SHORT INTRO TO THE MYLAN SYMPOSIUM
A number of risk factors, cholesterol is key one, contribute to the development and progression of CVD and this is what is covered during this symposium.
Recent evidence confirms that exposure over time, years, to even mildly or moderately elevated levels of LDL-C determines the risk of future cardiovascular event.
Starting with early population strategies, the aim is to lower LDL-C based on lifestyle and the use in specific cases of nutraceuticals, such as Red Yeast Rice, leading to a moderate LDL-C reduction. If maintained over time this may result in significant reduction in CV event of these individuals 10-20 years later in their lives and should be implemented by health care systems to reduce CVD risk in large number of individuals.
Secondly, as practicing physicians, we now face more demanding targets for LDL-c lowering after an acute coronary syndrome, and a clear understanding of the pathophysiological rationale for these targets is important to improve our adherence to evidence-based recommendations. Several options for cholesterol lowering are currently available, and clinical studies demonstrate that combination therapy is increasingly required, but we need guidance on how to best combine the different drugs in order to achieve optimal reduction of cardiovascular risk. Consequently, after an acute coronary event, optimization of lipid lowering therapy before discharge and regular checks of LDL-c during follow up are important to reduce the risk of recurrent ischemic events, the next event being more likely to be fatal.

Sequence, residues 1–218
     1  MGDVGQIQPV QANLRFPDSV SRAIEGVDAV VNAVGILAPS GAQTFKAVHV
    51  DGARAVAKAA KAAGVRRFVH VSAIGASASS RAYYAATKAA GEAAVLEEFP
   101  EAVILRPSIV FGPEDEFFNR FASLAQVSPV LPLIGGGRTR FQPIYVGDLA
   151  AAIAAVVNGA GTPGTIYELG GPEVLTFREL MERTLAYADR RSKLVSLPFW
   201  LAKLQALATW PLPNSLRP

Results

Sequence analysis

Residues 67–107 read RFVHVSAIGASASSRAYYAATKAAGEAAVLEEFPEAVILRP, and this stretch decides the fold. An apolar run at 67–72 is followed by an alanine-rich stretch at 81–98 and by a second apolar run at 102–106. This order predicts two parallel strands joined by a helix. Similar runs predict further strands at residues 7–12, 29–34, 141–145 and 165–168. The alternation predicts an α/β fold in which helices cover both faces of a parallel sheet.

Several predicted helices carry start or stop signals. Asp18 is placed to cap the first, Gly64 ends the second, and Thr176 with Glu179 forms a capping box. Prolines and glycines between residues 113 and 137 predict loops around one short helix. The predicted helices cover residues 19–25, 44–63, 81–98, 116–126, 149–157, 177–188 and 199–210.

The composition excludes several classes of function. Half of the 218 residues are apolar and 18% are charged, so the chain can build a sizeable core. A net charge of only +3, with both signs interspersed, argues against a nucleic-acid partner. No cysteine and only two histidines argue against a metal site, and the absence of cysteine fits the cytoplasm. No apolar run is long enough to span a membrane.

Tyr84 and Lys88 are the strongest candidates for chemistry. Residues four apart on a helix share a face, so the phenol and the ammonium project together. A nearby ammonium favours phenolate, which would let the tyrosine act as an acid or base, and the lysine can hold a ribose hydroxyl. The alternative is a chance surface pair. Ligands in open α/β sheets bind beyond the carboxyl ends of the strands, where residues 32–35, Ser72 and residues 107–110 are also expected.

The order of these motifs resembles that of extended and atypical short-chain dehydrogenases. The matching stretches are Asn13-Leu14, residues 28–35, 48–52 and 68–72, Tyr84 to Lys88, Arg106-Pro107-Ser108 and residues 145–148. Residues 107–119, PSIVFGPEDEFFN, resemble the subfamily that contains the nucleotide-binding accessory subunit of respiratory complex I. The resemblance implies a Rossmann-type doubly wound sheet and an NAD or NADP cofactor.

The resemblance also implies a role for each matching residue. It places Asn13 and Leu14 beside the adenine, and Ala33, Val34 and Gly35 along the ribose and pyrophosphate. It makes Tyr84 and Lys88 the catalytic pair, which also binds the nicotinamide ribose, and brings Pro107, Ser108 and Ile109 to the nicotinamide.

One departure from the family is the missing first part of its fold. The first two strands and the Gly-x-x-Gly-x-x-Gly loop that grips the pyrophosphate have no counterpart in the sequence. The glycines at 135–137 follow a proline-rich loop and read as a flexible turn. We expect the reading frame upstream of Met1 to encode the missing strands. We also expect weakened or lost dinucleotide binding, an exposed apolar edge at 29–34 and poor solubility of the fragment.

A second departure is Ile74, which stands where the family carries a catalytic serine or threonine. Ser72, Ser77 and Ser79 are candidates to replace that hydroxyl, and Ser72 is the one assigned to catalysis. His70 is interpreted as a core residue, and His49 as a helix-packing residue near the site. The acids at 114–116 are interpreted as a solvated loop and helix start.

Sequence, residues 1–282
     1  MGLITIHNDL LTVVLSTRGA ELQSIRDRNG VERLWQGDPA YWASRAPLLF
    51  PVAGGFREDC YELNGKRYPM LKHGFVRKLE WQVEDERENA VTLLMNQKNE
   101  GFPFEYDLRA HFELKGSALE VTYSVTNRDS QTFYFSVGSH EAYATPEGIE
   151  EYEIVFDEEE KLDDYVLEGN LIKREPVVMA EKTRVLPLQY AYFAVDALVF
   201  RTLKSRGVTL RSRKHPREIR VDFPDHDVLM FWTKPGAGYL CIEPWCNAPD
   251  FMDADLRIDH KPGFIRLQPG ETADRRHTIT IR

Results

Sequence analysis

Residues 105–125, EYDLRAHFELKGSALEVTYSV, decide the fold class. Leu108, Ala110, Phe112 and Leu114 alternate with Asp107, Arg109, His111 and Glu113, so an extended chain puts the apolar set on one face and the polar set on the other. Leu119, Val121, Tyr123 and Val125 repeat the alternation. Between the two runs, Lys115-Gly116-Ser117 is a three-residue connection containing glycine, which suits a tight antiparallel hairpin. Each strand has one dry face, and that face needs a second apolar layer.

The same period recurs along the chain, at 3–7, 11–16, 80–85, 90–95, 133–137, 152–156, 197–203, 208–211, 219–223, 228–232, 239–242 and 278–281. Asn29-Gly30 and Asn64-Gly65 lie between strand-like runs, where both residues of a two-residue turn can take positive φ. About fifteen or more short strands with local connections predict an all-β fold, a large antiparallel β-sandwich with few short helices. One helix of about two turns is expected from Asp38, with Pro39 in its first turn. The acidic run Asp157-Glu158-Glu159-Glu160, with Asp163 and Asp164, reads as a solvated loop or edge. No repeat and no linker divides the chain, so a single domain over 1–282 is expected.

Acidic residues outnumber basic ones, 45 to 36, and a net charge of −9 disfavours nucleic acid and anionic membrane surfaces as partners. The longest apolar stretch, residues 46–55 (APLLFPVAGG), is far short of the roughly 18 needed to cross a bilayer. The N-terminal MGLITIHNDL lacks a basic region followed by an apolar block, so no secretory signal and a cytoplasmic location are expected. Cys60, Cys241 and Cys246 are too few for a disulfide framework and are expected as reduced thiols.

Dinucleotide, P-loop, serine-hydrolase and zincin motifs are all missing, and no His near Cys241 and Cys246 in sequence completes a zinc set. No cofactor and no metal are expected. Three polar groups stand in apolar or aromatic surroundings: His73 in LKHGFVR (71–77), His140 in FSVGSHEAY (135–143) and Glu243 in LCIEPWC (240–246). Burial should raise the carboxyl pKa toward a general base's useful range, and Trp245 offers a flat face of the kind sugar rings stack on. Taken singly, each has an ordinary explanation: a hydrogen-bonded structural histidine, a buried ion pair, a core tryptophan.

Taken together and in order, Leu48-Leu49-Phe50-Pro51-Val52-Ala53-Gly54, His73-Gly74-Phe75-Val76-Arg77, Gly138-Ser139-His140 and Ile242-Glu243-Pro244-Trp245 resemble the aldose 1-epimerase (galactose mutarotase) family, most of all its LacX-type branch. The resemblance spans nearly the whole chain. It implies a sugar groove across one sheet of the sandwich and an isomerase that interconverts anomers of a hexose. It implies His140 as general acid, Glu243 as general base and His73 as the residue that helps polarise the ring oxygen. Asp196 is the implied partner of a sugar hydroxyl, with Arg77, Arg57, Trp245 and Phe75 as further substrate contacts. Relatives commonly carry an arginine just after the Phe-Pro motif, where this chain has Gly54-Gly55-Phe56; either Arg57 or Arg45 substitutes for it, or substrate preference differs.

Finally, although LDL remains the therapeutic number 1 target, we nowadays have a clear, robust evidence that TG-rich lipoproteins containing Apo B and particularly their remnants are equally atherogenic on a per-particle basis as LDL. These lipoproteins significantly impact the residual risk of further CV events in patients with central obesity and/or type II diabetes even at low levels of LDL-C. In this setting, combinations of LDL and TG-rich lipoprotein lowering agents targeting all the Apo B containing lipoproteins could be the most effective reduction of CVD morbidity and mortality. The next step refers to advanced precision medicine where pharmacogenomics could open new perspectives.